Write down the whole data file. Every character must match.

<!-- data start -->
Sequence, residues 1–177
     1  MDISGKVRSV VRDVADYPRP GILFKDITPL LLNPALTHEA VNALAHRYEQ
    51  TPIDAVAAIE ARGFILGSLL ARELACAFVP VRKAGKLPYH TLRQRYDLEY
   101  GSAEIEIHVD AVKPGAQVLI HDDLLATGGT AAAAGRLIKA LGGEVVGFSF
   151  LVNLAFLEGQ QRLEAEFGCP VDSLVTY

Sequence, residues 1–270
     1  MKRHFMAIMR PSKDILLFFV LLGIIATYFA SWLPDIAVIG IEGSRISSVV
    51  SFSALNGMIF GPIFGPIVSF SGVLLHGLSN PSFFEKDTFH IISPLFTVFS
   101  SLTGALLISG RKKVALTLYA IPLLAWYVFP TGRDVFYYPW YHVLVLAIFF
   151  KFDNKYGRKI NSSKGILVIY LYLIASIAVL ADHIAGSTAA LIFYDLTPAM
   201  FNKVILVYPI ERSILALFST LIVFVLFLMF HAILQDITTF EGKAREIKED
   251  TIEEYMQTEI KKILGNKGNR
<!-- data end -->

Sequence, residues 1–177
     1  MDISGKVRSV VRDVADYPRP GILFKDITPL LLNPALTHEA VNALAHRYEQ
    51  TPIDAVAAIE ARGFILGSLL ARELACAFVP VRKAGKLPYH TLRQRYDLEY
   101  GSAEIEIHVD AVKPGAQVLI HDDLLATGGT AAAAGRLIKA LGGEVVGFSF
   151  LVNLAFLEGQ QRLEAEFGCP VDSLVTY

Sequence, residues 1–270
     1  MKRHFMAIMR PSKDILLFFV LLGIIATYFA SWLPDIAVIG IEGSRISSVV
    51  SFSALNGMIF GPIFGPIVSF SGVLLHGLSN PSFFEKDTFH IISPLFTVFS
   101  SLTGALLISG RKKVALTLYA IPLLAWYVFP TGRDVFYYPW YHVLVLAIFF
   151  KFDNKYGRKI NSSKGILVIY LYLIASIAVL ADHIAGSTAA LIFYDLTPAM
   201  FNKVILVYPI ERSILALFST LIVFVLFLMF HAILQDITTF EGKAREIKED
   251  TIEEYMQTEI KKILGNKGNR